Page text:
yellow_ashrae To: PIMA Members
From: Chris Mathis – Mathis Consulting Company
Date: January 8, 2008
Subject: New Roof and Wall Insulation Values in ASHRAE Standard 90.1

Executive Summary

The energy efficiency community and all PIMA members got an early Christmas present on December 18, 2007. On that date the proposed new insulating values for commercial roofs and walls were finally fully approved by ASHRAE and ANSI.

While I have previously reported on these activities, I felt that it would be valuable to restate what this means to PIMA members and to provide you with the exact reference materials you will need to help convey this important change regarding the nation’s model commercial building code.

The attached file is the official ASHRAE publication of the approved “addenda” to Standard 90.1-2004, named “as” and “at”. The new insulation values are published in “as” and new fenestration tables are published in “at”. You will note that the files show the official changes to the Standard in strikeout and underline form (for clarity in documenting the change.) I have also summarized the insulation changes in the tables included at the end of this memo.

These increased roof and wall insulation values apply to all commercial and high-rise residential buildings covered by Standard 90.1. These changes now become a part of the newest edition of the Standard – 90.1-2007.

What Does This Mean? What Can We Say?

The primary meaning of these changes for PIMA members is this:

The minimum prescriptive R-value for above deck roof insulation has gone from R-15 to R-20 in every climate zone from the southernmost tip of Texas to the Canadian border. A 33.3% increase. Everywhere.

Now the real work begins.

We must immediately move to modify all of our architect and specifier training messages to reflect these new minimums. We’ve already modified the “recommended values” on the PIMA website to be higher than these minimums. We have modified our AIA presentation materials to reflect these new minimums. PIMA members should immediately modify all company-specific energy code training materials to reflect these new minimum values.

We must also remember that these are the prescriptive values. An architect or engineer can choose to take the “performance path” of code compliance and may elect to use other techniques to meet the energy code performance targets. But for those seeking a simple prescriptive recipe, R-20 is now the minimum. Not the best. The minimum.

We are planning to help ASHRAE and the efficiency community tout these new efficiency improvements over the coming months. ASHRAE is now in the process of trying to raise the efficiency bar in its Standard 90.1 to be 30% more efficient than the 2004 version of the Standard. These new insulation levels are just the first in a series of steps toward that goal. Already ASHRAE is working on new envelope, fenestration, lighting and equipment provisions designed to achieve 30% savings by 2010!

Here are some fact-based sound bites that we can immediately share with architects, specifiers, owners, developer and other strategic partners.

  1. ASHRAE has set aggressive goals for improved energy conservation in the nation’s energy performance standard for commercial buildings – targeting a 30% improvement in efficiency for the 2010 version of the standard.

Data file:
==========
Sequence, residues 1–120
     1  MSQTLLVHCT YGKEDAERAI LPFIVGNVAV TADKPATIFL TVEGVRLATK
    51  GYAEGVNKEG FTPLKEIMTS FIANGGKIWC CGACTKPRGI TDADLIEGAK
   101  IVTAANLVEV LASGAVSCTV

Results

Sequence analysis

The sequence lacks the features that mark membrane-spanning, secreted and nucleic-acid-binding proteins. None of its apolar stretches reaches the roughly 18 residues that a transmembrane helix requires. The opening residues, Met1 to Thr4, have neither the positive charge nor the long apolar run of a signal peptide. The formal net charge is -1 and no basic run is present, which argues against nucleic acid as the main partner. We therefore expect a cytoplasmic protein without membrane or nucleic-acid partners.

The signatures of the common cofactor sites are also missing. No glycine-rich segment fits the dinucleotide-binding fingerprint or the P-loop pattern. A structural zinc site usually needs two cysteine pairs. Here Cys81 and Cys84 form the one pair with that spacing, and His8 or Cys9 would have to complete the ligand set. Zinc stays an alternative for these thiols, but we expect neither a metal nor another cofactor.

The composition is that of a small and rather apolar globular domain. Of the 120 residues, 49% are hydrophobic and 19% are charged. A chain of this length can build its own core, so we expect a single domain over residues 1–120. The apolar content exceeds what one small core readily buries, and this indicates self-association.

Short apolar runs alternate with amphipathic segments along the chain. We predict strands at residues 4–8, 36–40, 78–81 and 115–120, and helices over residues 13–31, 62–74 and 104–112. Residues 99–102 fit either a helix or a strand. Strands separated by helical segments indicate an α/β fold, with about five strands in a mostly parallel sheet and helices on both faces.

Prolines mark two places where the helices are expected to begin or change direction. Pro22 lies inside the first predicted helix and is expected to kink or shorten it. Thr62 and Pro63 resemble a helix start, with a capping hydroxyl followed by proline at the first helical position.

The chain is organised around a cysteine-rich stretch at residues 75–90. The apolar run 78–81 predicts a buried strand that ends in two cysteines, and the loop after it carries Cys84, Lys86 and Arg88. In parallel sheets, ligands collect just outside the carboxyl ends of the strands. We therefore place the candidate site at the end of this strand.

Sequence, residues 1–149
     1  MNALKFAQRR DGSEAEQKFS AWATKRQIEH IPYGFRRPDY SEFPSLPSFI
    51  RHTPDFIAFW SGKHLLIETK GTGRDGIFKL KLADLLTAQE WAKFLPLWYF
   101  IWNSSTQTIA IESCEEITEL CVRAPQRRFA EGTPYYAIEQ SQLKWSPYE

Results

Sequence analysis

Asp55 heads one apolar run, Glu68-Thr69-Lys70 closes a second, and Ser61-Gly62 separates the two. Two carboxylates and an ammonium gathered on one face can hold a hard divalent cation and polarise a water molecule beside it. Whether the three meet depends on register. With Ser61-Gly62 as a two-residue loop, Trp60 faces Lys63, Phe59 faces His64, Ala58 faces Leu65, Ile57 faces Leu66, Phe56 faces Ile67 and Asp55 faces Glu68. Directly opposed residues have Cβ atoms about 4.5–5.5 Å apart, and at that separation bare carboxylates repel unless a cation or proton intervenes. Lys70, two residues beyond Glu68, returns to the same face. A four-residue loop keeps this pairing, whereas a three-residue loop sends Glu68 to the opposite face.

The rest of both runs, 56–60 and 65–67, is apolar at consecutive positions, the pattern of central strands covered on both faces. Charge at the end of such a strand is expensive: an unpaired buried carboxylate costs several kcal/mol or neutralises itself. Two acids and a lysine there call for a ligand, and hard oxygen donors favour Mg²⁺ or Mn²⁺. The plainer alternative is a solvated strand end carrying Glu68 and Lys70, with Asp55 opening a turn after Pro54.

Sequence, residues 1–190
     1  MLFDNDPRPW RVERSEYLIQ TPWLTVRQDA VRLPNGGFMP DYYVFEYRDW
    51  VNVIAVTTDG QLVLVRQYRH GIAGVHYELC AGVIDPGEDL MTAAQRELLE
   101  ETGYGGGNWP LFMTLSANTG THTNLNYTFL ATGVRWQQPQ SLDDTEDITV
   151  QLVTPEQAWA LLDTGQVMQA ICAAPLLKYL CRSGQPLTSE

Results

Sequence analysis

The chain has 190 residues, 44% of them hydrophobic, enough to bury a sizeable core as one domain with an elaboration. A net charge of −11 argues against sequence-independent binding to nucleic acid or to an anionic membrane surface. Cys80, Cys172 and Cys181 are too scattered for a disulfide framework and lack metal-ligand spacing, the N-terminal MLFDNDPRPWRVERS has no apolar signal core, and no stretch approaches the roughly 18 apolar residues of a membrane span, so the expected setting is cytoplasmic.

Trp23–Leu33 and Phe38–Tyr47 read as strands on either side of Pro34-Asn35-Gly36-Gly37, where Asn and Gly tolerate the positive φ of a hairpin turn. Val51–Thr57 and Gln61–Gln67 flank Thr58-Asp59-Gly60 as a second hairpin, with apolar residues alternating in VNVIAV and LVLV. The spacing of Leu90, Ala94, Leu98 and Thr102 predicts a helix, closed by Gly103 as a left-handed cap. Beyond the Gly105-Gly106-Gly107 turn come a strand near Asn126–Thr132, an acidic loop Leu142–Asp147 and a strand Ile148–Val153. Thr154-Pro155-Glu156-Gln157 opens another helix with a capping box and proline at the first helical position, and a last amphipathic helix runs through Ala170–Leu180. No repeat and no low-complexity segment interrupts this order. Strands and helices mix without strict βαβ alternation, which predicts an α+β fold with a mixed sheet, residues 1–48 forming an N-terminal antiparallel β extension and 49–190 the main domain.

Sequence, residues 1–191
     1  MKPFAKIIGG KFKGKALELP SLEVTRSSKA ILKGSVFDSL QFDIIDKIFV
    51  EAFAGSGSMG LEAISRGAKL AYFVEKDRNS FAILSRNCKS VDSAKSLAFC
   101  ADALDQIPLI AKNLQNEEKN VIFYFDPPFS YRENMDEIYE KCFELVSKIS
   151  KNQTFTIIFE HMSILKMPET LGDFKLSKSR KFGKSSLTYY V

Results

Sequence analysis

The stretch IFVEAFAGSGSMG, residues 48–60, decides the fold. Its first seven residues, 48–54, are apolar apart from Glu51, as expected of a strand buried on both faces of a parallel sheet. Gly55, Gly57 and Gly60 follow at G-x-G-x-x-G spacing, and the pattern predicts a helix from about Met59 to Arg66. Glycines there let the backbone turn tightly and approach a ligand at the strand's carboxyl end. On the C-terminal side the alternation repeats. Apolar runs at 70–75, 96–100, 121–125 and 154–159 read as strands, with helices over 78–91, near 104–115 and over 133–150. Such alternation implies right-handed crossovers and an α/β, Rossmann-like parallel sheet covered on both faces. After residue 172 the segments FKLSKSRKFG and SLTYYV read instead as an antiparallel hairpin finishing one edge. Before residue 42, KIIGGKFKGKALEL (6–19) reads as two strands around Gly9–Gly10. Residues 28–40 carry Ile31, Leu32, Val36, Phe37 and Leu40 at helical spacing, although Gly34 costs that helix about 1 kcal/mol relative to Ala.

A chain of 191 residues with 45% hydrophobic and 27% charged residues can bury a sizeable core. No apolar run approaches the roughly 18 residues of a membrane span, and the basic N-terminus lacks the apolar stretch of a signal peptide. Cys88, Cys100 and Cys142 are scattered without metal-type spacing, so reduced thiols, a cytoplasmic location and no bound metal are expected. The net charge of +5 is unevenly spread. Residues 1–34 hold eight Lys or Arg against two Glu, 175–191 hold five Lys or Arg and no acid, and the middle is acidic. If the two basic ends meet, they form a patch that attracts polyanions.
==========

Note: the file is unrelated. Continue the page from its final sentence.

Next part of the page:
2. One of its first steps toward achieving this 30% savings was to increase the insulation levels in all walls and roofs for commercial and high-rise residential buildings covered by the Standard.
  3. These new values are in the 2007 version of the Standard.
  4. Design professionals and specifiers should be aware of these new insulation levels as the new minimum values – regardless of what version of the Standard is referenced in their state.
  5. ASHRAE will seek to update the reference from 90.1-2004 to 90.1-2007 into the ICC’s 2009 version of the International Energy Conservation Code.
  6. Projects where LEED designation (or other Beyond Code certification) is being sought should immediately be re-evaluated against these new higher efficiency minimums to ensure meeting the project’s beyond code efficiency objectives. Those projects using the 2004 version of the Standard as their base are now referencing an outdated version of the nation’s model energy code for commercial buildings.
  7. All green building programs should immediately embrace these new values and establish new targets for energy performance.
  8. All computer programs used for building energy simulations should be immediately updated to show these new minimum insulation values for walls and roofs.
  9. The prescriptive insulation levels shown in the Standard have been increased across the board – adding an additional R-5 for above-deck commercial roof insulation everywhere except Miami and the north slope of Alaska.
  10. There are similar increases in the prescriptive amounts of continuous insulation for mass walls everywhere north of Miami.
  11. There are additional amounts of insulation required for all semi-heated spaces (warehouses, manufacturing facilities, etc.)
  12. Wall insulation values have also increased in climate Zones 3-8.

Again, I have included abbreviated versions of the new tables in this memo and also attached the official ASHRAE publication of the newly approved changes to Standard 90.1-2007.

If you would like to see ALL of the changes to Standard 90.1 (lighting, equipment, etc.) go to:
http://www.ashrae.org/technology/page/132

About two-thirds of the way down you will see all of the approved changes for 2007.
Happy New Year!

Respectfully submitted,
R. Christopher Mathis

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